A good cry
I was rolling along nicely, getting out and about, and staying dry-eyed for weeks. I was between “Should I be feeling this good so soon? Am I just an asshole?” and “I feel so good, I must be dealing with my bereavement much better than the average grieving asshole.” You notice that in both cases an asshole was the benchmark.
So I took a chance and went to the single most dangerous place in Chico in terms of likelihood of my getting out without sobbing. I don’t know what it is—how often we went there together, how I still look at all of the produce with Janice in mind, or that I see so many people I know. For a while I wouldn’t go to the Saturday farmers’ market at all—too many questions about Janice and too much sympathy for me, all of it out of love and much of it overwhelming. And I love the farmers’ market, so since I had spent hardly any time being sad recently, I thought I’d try it again.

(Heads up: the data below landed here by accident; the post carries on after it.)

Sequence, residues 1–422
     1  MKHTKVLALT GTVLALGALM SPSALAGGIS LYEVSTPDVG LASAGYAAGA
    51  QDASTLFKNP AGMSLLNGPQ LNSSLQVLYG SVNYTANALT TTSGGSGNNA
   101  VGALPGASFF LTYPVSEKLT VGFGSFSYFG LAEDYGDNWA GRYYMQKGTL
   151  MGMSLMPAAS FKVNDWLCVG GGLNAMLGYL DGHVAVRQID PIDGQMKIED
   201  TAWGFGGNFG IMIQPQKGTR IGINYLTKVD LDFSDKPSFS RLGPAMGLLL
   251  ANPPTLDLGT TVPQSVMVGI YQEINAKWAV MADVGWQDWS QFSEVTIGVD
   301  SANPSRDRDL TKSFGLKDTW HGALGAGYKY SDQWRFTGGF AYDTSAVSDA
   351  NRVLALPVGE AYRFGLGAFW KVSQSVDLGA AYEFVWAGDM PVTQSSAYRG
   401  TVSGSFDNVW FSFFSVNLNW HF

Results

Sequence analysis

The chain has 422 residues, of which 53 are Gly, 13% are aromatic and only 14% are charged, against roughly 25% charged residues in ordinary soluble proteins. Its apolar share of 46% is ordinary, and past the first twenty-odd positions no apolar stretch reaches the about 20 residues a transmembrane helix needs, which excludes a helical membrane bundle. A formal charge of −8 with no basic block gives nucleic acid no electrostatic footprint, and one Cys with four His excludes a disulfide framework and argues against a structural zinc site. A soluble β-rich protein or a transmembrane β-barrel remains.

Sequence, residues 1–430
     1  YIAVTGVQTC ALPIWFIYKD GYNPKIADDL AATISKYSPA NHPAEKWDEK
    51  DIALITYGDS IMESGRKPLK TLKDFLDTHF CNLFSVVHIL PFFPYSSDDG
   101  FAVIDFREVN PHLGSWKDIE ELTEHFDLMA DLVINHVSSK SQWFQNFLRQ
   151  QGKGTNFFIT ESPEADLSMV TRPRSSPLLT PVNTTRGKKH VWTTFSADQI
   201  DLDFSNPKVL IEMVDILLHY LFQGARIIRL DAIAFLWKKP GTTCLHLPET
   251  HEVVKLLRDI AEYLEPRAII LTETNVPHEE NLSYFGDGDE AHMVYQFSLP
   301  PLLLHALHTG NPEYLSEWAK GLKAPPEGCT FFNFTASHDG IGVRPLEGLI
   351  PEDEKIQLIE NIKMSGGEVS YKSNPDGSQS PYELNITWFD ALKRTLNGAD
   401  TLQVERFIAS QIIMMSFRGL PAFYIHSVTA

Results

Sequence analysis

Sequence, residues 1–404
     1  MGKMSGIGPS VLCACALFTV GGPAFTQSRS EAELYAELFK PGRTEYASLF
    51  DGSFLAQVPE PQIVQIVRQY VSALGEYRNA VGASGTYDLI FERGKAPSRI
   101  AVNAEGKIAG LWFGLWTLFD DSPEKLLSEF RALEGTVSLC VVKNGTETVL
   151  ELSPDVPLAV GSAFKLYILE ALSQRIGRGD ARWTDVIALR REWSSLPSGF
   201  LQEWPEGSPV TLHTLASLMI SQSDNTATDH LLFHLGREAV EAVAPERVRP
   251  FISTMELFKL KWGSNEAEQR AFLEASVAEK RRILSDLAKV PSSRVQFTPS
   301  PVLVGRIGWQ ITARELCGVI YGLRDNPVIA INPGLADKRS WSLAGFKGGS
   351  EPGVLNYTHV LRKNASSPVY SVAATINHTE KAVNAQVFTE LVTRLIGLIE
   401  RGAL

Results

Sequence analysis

I was doing nicely and I’d just gotten peaches when a guy says to another guy, “I’m just looking for my wife. She seems to’ve slipped away.” That’s all it took. My eyes filled up and I couldn’t speak. I’ve found a silent sob that in most public places is too quiet to attract attention, so—with big shades—I’m cool if I keep moving.
At the market, you can do a lot without saying much, and nobody hears the occasional sob; I got some apples without actually saying anything. I left anyway when an old fear came back, namely that I’d die sad and alone, finally more widower than anything else. His wife died, and then later he died, too, I think.
I also wanted to get where I could properly cry. Some people can do it anywhere, especially small people. Semi-silent sobbing is all very well at the market, although semi-silent won’t cut it at the co-op, another sensitive spot. As I started to tear up and choke up and feel a bit wild-eyed, I was also a bit glad. A good cry is a cleanse, and I guess I’d missed the renewal. I’ve been crying often since that Saturday, and I don’t mind if I’m not better than the average grieving asshole. Crying all day was tiring, then not crying any day was good for a while; now every day feels about right.
One year feels like a big deal, so it is. I can envision parts of the day, a walk and some music, and a friend has given us a fountain, so maybe we’ll dedicate it to Janice, or something equally sappy.